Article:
Alaska State Legislature
Senate Majority Web: www.akrepublicans.org
Sponsor: Senator Con Bunde
Current Version: CSSB 134 (JUD)
Contact: Lauren Rice, 465-4843
Fact Sheet for: Senate Bill 134
Short Title: POLICE INVESTIGATION STANDARDS/ARRESTS
Establishes a pilot program within the Office of Victim's Rights to review cases in
which the victim of first degree sexual assault or sexual abuse of a minor complains
that the investigation has not been timely or thorough.
Begins the pilot program Sept. 1, 2006 and ends it August 31, 2008.
Gives the victim's advocate the jurisdiction to investigate the complaint and assist
with contacting the justice agencies.
Requires the victim's advocate to consult with, and report to the justice agencies.
Gives the victim advocate the privileges and immunities set out in AS 24.65.190
Makes it a misdemeanor punishable by a fine of up to $1,000 to hinder, or refuse to
comply with, the victim's advocate in connection with this program.
Requires the Office of Victim's Rights to report its conclusions concerning
complaints investigated under the program to the legislature by Sept. 30, 2008.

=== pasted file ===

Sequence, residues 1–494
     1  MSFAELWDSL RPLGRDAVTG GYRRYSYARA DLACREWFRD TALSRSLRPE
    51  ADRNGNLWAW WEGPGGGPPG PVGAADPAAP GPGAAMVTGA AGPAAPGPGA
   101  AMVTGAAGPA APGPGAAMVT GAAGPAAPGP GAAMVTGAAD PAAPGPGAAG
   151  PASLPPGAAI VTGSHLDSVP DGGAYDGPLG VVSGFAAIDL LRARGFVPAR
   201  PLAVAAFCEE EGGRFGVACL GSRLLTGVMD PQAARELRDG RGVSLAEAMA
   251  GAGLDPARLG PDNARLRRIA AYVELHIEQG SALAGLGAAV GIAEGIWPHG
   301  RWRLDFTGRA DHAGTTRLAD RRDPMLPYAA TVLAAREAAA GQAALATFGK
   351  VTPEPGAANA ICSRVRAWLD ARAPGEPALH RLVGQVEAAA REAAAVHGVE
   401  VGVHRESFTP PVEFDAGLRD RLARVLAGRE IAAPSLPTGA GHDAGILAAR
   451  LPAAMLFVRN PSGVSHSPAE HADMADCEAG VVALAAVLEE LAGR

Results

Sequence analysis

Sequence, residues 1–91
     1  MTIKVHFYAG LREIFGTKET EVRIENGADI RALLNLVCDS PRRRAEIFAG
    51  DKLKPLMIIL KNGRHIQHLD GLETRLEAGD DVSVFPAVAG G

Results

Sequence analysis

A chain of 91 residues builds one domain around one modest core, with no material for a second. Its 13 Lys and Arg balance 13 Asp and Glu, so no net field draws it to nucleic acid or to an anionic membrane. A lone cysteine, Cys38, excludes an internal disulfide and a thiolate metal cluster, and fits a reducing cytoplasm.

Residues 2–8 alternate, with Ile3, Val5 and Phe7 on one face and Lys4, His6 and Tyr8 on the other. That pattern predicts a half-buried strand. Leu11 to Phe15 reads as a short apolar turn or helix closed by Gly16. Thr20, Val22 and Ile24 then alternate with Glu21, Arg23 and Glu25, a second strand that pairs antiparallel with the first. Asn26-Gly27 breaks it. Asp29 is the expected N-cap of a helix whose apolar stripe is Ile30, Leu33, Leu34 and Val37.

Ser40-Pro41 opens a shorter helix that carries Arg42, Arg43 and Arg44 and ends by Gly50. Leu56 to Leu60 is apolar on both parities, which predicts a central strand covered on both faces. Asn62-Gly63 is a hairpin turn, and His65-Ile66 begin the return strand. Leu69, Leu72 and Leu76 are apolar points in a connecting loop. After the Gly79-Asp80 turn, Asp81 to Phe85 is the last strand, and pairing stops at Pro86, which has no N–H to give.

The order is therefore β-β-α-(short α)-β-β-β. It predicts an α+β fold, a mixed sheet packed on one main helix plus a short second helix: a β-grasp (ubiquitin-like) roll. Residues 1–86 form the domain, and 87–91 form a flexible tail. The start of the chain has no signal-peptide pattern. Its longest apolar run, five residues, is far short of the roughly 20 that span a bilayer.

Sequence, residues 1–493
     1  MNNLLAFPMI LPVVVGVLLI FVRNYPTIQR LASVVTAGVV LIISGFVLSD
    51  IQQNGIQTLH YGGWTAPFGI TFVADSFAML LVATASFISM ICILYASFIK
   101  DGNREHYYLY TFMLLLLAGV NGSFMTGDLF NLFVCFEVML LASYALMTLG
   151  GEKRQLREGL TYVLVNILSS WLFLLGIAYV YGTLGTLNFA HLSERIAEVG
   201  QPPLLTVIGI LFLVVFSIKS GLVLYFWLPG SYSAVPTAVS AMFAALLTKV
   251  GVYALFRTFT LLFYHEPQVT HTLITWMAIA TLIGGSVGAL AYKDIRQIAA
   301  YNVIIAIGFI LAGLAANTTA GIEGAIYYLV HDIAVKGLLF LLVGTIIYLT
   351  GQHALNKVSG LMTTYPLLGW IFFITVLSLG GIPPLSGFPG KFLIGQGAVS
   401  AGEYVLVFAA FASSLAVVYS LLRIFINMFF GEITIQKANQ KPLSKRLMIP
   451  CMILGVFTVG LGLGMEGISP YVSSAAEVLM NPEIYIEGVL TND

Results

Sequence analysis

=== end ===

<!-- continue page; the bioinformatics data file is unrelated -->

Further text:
Provides crime victims a place to bring complaints regarding an officer's conduct
and assures the public that officers are held accountable.
Currently, if a victim of sexual abuse or assault is unsatisfied with the speed or
thoroughness of an investigation, he or she has no real recourse or options for
seeking additional help. SB 134 allows the Office of Victim’s Rights (OVR) to
intercede on behalf of the victim if necessary in cases involving unclassified sexual
assault or sexual abuse investigations, and gives the office the same rights and
responsibilities while handling these cases as it has with current court cases.
Attorneys with OVR are charged with determining if there has been negligence in
the reported investigations and assisting the victim if so.
Alaska’s per capita rape rate is nearly 71% greater than that of the next highest
state. However, Alaska’s rate of arrest is almost half the national average. In larger
municipalities, a victim may file a complaint; however, in most cases, all
proceedings with the complaint are kept private within the police department and
the victim has no formal recourse or resolution. In smaller, rural areas, there is no
department in which to file the complaint. Often times, there are only one or two
peace officers in the area.
Fact Sheet Revision Date Thursday, April 20, 2006 12:06 PM Fact Sheet Prepared by Wilda Laughlin, 465-4747